Reposted and updated from Pi Alpha. Edited by Martin Cohen with original research by Perig Gouanvic

“The misrepresentations of history presented by Holocaust deniers and other pseudo-historians are very similar in nature to the misrepresentations of natural science promoted by creationists and homeopaths. ... we find a wide variety of movements and doctrines, such as creationism, astrology, homeopathy, and Holocaust denialism that are in conflict with results and methods that are generally accepted in the community of knowledge disciplines. ”

- Stanford Encyclopedia of Philosophy

The Mass Suicide of Homeopathy Skeptics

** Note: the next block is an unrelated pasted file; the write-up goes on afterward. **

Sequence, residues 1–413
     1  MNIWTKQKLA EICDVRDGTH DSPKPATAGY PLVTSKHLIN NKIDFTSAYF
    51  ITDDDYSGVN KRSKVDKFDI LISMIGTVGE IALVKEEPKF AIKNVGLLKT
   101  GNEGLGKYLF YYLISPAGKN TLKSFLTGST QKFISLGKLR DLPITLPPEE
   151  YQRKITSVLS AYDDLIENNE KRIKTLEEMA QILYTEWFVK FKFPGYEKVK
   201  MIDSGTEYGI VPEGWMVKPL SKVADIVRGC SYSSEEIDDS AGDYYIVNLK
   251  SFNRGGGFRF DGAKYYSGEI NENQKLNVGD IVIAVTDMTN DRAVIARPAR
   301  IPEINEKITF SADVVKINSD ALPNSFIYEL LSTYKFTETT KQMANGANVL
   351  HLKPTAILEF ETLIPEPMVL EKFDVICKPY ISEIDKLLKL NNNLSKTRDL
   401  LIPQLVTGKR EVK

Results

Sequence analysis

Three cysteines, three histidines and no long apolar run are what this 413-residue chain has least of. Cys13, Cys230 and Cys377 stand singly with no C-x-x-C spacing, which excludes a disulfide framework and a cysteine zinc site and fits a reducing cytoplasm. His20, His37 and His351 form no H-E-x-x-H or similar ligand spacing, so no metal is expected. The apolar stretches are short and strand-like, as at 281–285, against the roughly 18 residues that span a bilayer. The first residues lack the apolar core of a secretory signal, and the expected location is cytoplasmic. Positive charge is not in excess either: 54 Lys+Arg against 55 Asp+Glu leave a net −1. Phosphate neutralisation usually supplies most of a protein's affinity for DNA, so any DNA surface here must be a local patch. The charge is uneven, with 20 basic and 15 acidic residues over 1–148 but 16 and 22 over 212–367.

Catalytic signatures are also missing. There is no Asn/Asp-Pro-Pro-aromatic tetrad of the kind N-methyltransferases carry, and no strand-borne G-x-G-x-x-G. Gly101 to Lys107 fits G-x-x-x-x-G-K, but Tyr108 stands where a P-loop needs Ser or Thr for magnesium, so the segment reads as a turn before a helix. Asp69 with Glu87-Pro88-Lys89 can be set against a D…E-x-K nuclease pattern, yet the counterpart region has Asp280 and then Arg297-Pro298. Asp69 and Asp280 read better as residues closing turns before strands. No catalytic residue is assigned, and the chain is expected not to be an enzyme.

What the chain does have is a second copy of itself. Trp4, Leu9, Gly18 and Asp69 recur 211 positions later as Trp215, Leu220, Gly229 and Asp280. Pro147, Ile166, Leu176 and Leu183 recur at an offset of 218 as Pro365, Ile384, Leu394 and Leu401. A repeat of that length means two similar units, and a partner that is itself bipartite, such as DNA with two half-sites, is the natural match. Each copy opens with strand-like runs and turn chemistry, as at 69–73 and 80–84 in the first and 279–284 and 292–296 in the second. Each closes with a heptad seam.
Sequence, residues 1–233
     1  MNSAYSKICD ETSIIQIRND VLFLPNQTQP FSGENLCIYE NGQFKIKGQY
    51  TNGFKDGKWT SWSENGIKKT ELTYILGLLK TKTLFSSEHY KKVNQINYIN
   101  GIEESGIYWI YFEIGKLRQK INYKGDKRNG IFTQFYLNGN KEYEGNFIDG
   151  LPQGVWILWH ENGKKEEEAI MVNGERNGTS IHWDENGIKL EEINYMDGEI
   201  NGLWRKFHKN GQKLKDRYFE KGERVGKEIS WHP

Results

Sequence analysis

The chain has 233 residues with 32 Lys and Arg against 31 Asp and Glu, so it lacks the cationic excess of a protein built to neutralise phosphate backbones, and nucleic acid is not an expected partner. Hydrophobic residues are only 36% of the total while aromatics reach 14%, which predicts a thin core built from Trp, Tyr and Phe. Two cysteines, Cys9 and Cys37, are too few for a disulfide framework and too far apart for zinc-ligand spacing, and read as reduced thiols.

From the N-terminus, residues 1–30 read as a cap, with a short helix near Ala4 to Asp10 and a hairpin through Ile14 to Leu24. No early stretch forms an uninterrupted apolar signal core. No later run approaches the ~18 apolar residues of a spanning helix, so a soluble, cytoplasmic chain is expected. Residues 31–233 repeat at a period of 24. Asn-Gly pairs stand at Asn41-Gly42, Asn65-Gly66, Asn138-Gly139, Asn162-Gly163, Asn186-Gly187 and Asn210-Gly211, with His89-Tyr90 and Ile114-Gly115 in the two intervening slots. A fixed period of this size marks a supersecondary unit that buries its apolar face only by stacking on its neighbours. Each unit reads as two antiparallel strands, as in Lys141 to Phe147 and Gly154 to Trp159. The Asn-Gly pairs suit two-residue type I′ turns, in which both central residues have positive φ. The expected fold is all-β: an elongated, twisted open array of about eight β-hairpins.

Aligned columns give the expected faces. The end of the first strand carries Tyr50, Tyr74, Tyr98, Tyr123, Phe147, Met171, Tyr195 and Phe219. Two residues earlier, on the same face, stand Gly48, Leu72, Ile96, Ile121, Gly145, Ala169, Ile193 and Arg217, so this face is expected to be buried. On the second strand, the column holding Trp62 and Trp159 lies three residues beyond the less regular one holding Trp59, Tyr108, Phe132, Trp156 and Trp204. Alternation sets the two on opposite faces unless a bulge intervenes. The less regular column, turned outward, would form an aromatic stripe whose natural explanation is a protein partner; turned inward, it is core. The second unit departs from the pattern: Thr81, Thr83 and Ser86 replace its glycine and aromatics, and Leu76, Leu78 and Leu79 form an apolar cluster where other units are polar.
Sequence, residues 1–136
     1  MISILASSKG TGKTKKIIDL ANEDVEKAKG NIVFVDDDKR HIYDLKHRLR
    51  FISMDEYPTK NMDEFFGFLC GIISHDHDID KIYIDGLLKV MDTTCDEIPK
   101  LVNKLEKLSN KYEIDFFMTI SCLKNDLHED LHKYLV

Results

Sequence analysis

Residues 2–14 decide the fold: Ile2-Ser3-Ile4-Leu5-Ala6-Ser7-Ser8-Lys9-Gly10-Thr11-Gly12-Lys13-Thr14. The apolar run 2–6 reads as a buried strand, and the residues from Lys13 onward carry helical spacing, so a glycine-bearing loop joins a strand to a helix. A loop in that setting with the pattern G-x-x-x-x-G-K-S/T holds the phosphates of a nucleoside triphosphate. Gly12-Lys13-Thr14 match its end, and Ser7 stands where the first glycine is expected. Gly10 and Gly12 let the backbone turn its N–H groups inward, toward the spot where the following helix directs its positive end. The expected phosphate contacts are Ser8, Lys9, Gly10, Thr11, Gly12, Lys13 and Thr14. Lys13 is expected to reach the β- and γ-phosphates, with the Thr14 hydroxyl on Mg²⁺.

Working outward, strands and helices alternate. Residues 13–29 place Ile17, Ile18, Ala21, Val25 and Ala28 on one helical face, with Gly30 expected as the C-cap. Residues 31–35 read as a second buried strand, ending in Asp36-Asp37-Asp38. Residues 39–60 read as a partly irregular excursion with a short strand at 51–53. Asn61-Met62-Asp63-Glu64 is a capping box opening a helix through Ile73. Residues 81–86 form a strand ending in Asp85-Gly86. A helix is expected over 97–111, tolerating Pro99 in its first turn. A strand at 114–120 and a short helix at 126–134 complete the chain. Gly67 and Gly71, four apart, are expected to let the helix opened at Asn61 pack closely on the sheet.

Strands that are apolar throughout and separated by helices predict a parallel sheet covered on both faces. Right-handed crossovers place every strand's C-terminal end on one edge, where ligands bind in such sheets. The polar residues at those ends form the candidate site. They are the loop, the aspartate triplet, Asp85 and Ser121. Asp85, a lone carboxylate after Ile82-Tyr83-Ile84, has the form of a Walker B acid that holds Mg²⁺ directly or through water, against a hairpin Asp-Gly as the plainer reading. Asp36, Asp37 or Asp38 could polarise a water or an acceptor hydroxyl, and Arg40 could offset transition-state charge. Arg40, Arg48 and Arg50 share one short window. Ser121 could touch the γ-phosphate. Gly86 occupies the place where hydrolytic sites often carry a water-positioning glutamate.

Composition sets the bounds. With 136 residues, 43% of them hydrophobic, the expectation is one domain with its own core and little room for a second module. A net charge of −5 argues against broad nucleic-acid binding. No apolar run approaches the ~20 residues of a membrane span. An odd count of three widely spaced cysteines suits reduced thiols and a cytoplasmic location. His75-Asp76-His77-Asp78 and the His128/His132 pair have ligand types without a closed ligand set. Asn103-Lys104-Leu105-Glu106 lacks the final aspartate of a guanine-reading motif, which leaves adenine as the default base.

Almost all of the systematic reviews in conventional journals start on a skeptical note. Indeed, nine out of ten of the articles begin with a statement that questions the scientific plausibility of homeopathy. Some of the articles use relatively strong language to make the point. For example, one by ‘Ernst and Pittler’ suggests that it is the use of ‘highly diluted material that overtly flies in the face of science and has caused homeopathy to be regarded as placebo therapy at best and quackery at worst’.

But to get a good sense of what the masses, including those who make up ‘the scientific consensus’, really think, Wikipedia is a passable indicator. Wikipedians, amongst them, in such articles, we find watchdogs of ‘reason’, including various hired professionals from the ‘Public Understanding of Science’ (and their trusted mercenaries) love to indulge in this dusty old strawman argument: